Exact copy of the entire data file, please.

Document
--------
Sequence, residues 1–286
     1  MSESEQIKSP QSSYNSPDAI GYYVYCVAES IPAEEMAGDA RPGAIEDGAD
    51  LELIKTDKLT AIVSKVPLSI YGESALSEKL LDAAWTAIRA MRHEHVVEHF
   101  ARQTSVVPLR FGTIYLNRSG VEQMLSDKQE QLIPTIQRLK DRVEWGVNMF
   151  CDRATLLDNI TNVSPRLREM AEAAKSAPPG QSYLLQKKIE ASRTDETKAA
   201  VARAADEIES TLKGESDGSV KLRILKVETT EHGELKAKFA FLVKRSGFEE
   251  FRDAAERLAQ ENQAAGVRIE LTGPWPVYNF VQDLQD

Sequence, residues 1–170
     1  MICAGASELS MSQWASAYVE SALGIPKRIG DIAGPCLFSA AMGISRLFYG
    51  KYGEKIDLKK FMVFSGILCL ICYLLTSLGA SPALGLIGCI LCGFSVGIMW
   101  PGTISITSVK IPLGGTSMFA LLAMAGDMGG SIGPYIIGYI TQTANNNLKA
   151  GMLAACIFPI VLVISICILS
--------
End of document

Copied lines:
Sequence, residues 1–286
     1  MSESEQIKSP QSSYNSPDAI GYYVYCVAES IPAEEMAGDA RPGAIEDGAD
    51  LELIKTDKLT AIVSKVPLSI YGESALSEKL LDAAWTAIRA MRHEHVVEHF
   101  ARQTSVVPLR FGTIYLNRSG VEQMLSDKQE QLIPTIQRLK DRVEWGVNMF
   151  CDRATLLDNI TNVSPRLREM AEAAKSAPPG QSYLLQKKIE ASRTDETKAA
   201  VARAADEIES TLKGESDGSV KLRILKVETT EHGELKAKFA FLVKRSGFEE
   251  FRDAAERLAQ ENQAAGVRIE LTGPWPVYNF VQDLQD

Sequence, residues 1–170
     1  MICAGASELS MSQWASAYVE SALGIPKRIG DIAGPCLFSA AMGISRLFYG
    51  KYGEKIDLKK FMVFSGILCL ICYLLTSLGA SPALGLIGCI LCGFSVGIMW
   101  PGTISITSVK IPLGGTSMFA LLAMAGDMGG SIGPYIIGYI TQTANNNLKA
   151  GMLAACIFPI VLVISICILS